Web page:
Units that most colleges and universities use to record the completion of courses (with passing grades) that are required for a degree.
Training or an internship required for a student’s class which relates to their major area of study. This must be authorized by a DSO and added to the SEVIS record.
This is generally written on your visa and means you may remain in the United States so long as you maintain your nonimmigrant student status.
Diploma or title conferred by a college, university, or professional school upon completion of a prescribed program of studies. MVCC offers associate degrees in more than 90 different program areas.
A Designated School Official (DSO) is the person on campus who gathers and reports information on international students to the Student and Exchange Visitor Information System (SEVIS) and assists international students in the visa and employment authorization process. Your DSO's name will be listed on your I-20. DSOs for MVCC are:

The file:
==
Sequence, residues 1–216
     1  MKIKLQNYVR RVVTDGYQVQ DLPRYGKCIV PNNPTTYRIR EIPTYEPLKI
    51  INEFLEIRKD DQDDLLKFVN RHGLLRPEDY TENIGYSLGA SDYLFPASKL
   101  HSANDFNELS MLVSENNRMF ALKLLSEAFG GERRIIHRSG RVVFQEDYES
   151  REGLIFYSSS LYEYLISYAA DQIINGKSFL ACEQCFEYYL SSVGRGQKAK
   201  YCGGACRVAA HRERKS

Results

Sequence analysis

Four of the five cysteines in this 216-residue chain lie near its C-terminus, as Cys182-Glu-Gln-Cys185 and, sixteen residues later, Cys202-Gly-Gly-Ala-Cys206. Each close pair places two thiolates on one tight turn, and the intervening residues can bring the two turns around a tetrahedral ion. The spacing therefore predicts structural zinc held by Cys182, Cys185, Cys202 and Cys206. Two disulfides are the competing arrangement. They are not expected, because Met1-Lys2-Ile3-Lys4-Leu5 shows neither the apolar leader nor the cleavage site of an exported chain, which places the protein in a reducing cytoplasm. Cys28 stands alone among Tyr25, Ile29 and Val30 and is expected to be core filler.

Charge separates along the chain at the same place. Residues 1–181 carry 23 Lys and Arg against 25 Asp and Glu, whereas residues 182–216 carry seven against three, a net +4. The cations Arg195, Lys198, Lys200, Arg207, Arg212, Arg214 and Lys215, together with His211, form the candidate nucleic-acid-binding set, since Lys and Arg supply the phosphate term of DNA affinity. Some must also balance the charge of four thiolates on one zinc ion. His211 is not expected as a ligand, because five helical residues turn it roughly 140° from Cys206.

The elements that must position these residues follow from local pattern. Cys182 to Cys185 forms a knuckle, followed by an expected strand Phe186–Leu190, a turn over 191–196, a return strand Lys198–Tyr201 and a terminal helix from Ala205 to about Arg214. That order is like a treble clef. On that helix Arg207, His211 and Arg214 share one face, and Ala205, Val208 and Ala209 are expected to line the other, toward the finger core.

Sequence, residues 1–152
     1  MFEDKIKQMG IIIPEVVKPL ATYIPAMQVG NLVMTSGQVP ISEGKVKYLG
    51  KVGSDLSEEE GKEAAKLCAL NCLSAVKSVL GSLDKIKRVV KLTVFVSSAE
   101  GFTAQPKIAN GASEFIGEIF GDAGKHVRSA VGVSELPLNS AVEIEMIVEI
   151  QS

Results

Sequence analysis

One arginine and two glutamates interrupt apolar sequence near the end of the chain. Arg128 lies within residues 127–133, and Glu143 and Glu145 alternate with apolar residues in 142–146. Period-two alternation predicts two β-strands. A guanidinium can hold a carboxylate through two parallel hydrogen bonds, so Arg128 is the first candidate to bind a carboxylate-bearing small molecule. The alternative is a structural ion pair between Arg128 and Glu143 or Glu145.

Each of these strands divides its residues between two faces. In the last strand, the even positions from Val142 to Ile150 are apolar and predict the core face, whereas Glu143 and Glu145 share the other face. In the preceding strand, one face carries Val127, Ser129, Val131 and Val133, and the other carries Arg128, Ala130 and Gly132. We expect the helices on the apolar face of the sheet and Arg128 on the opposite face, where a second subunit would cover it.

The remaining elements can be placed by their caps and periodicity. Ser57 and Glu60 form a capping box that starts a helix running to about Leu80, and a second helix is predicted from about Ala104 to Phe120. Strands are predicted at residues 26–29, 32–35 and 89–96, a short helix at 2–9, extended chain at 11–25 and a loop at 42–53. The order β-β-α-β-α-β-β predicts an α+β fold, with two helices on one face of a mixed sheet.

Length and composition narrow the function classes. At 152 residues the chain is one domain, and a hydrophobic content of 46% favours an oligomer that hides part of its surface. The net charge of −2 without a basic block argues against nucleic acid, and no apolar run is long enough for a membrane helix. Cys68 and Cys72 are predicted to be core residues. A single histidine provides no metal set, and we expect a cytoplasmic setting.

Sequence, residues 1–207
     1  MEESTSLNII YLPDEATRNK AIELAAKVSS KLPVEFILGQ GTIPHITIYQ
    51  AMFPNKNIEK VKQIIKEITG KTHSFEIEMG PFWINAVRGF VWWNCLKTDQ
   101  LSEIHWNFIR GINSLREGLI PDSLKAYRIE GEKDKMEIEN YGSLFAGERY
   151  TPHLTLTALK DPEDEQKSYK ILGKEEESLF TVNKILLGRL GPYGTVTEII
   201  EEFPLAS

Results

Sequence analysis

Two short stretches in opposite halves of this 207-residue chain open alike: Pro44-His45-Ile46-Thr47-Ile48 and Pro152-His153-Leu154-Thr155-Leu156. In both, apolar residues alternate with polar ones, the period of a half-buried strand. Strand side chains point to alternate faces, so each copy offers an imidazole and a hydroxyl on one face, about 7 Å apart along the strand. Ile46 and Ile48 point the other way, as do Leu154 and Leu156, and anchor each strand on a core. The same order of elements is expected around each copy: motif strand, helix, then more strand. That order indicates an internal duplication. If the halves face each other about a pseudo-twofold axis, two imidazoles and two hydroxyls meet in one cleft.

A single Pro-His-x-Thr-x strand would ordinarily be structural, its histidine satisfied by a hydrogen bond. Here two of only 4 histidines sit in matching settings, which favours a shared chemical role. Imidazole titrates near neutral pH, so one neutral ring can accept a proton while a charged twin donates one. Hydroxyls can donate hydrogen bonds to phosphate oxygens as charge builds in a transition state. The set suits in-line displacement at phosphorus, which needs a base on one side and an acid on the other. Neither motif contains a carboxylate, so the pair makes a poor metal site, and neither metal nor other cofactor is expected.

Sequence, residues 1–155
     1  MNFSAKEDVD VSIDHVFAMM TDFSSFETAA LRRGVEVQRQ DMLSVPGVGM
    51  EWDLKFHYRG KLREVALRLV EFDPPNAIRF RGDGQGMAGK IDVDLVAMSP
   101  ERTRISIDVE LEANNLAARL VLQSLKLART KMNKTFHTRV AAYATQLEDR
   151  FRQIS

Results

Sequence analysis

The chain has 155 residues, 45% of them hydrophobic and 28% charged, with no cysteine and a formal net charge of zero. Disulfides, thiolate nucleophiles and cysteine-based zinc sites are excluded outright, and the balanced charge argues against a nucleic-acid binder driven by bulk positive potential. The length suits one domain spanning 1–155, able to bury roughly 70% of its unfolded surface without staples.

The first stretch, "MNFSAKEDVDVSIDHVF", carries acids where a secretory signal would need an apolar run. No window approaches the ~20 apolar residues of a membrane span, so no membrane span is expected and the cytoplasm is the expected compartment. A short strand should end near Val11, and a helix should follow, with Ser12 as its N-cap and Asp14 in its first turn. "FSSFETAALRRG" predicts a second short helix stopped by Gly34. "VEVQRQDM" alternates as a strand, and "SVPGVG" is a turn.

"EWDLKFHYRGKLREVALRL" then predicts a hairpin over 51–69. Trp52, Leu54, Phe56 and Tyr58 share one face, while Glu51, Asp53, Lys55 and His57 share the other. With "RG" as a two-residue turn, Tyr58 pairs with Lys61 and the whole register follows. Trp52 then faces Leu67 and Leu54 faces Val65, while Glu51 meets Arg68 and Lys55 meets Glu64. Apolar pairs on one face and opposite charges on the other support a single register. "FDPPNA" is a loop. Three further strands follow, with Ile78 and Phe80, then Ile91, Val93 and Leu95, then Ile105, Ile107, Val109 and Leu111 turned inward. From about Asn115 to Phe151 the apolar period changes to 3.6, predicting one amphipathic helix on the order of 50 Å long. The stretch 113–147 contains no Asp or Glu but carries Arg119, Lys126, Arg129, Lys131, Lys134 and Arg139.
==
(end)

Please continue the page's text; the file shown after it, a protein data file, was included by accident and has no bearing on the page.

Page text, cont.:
- Justin Rahn, jrahn@MVCC.edu
Students who do not earn a minimum GPA of 1.5 for their probation semester GPA are academically dismissed from MVCC. Dismissed students may not attend MVCC for one semester. Students who wish to appeal the dismissal decision may submit a written statement with supporting documentation such as verifiable written statements to confirm the issues supporting the appeal.
Housing facilities on the campus of a college or university reserved for students. A typical dormitory would include student rooms, bathrooms, common areas, and a kitchen or microwave. Rooms are typically furnished with basic items such as a bed, desk, chair, and closet or armoire. More about MVCC’s residence halls can be found here.